The move came after President Donald Trump’s latest action to choke Huawei, effectively halting its ability to buy American-made parts and components. China is now threatening to stop funding an industry that the two countries have done sizable deals in. In 2017, China agreed to fund a natural gas project in Alaska worth US$43 billion, the South China Morning Post said.

“China may have to cap U.S. supplies at 10 or 15 percent of its overseas purchases for the sake of supply chain security,” said Wang, who specializes in China’s energy supply security. “What if the [energy] supply [including both liquefied natural gas and crude oil] is cut off suddenly, as we have seen in the Huawei case?”

China bought US$6.3 billion worth of American crude oil and liquefied natural gas in 2017, 3.6% of the country’s purchases of foreign energy products, the newspaper said, adding that China’s reliance on U.S. energy products is “limited.”

U.S. restrictions on Huawei had forced tech companies and chipmakers including Google and Qualcomm to cut ties with the Chinese telecom giant until the U.S. granted a 90-day license to keep existing networks online. The ban sparked a big sell-off in the semiconductor stocks on Monday.

Chinese President Xi Jinping ramped up his rhetoric on the trade war on Monday by saying China is embarking on a “new Long March, and we must start all over again!”

The trade negotiations between the world’s two largest countries have hit a roadblock after Trump followed through with his threat to increase tariffs on $200 billion in Chinese goods from 10% to 25%. China immediately responded by upping the tariffs on $60 billion of U.S. goods to as high as 25%.

— Click here to read the original story .

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Apple’s earnings would drop by nearly 30% if China bans its products

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CEO of Apple Tim Cook attends China Development Forum 2019 at the Diaoyutai State Guesthouse on March 23, 2019 in Beijing, China.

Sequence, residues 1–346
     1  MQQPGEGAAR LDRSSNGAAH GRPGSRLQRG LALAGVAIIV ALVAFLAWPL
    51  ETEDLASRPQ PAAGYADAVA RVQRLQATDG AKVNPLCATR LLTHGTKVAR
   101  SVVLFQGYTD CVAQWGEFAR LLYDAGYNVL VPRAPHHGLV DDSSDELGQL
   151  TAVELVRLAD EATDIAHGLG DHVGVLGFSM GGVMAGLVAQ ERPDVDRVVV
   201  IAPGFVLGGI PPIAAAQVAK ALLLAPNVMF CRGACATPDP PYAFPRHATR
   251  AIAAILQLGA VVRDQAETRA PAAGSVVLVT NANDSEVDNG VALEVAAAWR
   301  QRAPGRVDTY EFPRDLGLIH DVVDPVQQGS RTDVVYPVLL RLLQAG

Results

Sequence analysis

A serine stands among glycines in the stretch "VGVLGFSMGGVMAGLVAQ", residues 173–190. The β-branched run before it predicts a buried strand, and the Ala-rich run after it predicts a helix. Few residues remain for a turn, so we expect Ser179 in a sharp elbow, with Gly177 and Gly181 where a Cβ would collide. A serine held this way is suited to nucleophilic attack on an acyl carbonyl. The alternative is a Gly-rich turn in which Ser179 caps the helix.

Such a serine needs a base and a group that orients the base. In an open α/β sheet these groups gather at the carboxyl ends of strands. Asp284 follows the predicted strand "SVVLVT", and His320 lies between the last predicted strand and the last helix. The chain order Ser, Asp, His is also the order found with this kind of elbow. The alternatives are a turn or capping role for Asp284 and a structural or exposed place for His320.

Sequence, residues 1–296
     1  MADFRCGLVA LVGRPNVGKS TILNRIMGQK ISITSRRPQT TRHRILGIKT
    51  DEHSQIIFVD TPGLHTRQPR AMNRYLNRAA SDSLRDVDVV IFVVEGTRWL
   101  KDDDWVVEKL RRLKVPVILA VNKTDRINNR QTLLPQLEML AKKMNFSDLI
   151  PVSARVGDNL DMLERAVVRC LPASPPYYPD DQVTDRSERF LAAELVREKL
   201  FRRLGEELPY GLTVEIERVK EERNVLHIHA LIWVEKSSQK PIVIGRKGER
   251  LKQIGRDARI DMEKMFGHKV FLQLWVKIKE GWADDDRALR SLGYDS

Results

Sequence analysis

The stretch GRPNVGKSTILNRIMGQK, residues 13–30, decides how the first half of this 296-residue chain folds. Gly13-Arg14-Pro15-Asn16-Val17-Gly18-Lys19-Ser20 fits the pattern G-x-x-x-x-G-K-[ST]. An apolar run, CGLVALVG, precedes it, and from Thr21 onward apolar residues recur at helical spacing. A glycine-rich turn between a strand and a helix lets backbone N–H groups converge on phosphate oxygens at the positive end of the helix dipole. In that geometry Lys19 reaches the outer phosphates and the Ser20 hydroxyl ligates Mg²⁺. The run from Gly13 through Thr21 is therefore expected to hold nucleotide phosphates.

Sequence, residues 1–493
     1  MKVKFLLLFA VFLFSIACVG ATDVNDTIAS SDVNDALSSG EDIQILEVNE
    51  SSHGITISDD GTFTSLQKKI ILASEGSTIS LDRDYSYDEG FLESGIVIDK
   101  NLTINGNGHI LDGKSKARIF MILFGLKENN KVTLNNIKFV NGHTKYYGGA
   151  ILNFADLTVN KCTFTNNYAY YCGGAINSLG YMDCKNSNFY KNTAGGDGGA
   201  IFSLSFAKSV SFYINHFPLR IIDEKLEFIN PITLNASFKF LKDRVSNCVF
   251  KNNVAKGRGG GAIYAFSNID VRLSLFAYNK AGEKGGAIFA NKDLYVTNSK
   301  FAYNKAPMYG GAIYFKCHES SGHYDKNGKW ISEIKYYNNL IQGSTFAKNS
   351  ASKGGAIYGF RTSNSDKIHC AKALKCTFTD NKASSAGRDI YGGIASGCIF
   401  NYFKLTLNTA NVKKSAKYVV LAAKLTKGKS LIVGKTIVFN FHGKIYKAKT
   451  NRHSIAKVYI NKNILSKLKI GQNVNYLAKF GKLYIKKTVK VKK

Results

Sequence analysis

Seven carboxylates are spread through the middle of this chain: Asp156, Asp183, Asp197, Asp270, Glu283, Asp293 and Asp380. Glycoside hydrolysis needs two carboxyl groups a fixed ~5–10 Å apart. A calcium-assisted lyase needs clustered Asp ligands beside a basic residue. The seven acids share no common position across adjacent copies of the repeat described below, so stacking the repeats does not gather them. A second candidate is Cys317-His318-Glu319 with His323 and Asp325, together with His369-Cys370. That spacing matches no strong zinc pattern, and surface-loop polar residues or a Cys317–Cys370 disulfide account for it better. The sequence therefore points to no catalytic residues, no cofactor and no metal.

VCG | Getty Images

The U.S.-China trade war could take a big chunk out of Apple‘s bottom line if China retaliates by banning its products, according to an analyst at Goldman Sachs.

Analyst Rod Hall said in a note to clients that Apple’s earnings could drop by 29% if the company’s products were banned in mainland China.

Apple’s China business accounted for more than 17% of its sales in its fiscal second quarter, coming in at $10.22 billion. The company also sells billions of dollar worth in iPhones every year in China.

“Should China restrict iPhone production in any way we do not believe the company would be able to shift much iPhone volume outside of China on short notice,” Hall said. “We believe that Apple is near its annual rapid ramp of new iPhone production to prepare for new device launches in the Fall so even a short term action affecting production could have longer term consequences for the company.”

Hall also noted that China’s “tech ecosystem” and local employment could take a hit if Apple products are banned. Most of Apple’s supply chain rests in mainland China, including the iPhone’s final assembly, which is executed at Foxconn.

Apple shares are down 7% for the month through Tuesday’s close as China and the U.S. ratchet up trade fears. The U.S. hiked tariffs on $200 billions worth of Chinese goods earlier in May. China retaliated by raising levies on $60 billion worth of U.S. imports.

Hall is not the only analyst raising concern over Apple’s exposure to China. On Monday, HSBC analyst Erwan Rambourg cut his price target on the tech giant to $174 per share from $180. Meanwhile, Credit Suisse analyst Matthew Cabral said Tuesday that Apple’s earnings per share would fall by about 15 cents a share for every 5% drop in Greater China sales.